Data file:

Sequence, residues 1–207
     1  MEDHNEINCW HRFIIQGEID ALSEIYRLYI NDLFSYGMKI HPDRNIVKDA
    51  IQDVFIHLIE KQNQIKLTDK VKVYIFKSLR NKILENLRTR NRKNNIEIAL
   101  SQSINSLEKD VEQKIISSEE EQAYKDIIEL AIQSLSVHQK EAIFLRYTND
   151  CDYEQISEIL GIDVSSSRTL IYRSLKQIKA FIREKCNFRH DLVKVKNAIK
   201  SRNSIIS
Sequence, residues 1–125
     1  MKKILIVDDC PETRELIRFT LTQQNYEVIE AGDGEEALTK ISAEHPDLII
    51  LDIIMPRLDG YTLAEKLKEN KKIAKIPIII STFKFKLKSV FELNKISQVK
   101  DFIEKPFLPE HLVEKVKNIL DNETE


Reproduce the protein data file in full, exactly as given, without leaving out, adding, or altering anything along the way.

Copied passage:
Sequence, residues 1–207
     1  MEDHNEINCW HRFIIQGEID ALSEIYRLYI NDLFSYGMKI HPDRNIVKDA
    51  IQDVFIHLIE KQNQIKLTDK VKVYIFKSLR NKILENLRTR NRKNNIEIAL
   101  SQSINSLEKD VEQKIISSEE EQAYKDIIEL AIQSLSVHQK EAIFLRYTND
   151  CDYEQISEIL GIDVSSSRTL IYRSLKQIKA FIREKCNFRH DLVKVKNAIK
   201  SRNSIIS
Sequence, residues 1–125
     1  MKKILIVDDC PETRELIRFT LTQQNYEVIE AGDGEEALTK ISAEHPDLII
    51  LDIIMPRLDG YTLAEKLKEN KKIAKIPIII STFKFKLKSV FELNKISQVK
   101  DFIEKPFLPE HLVEKVKNIL DNETE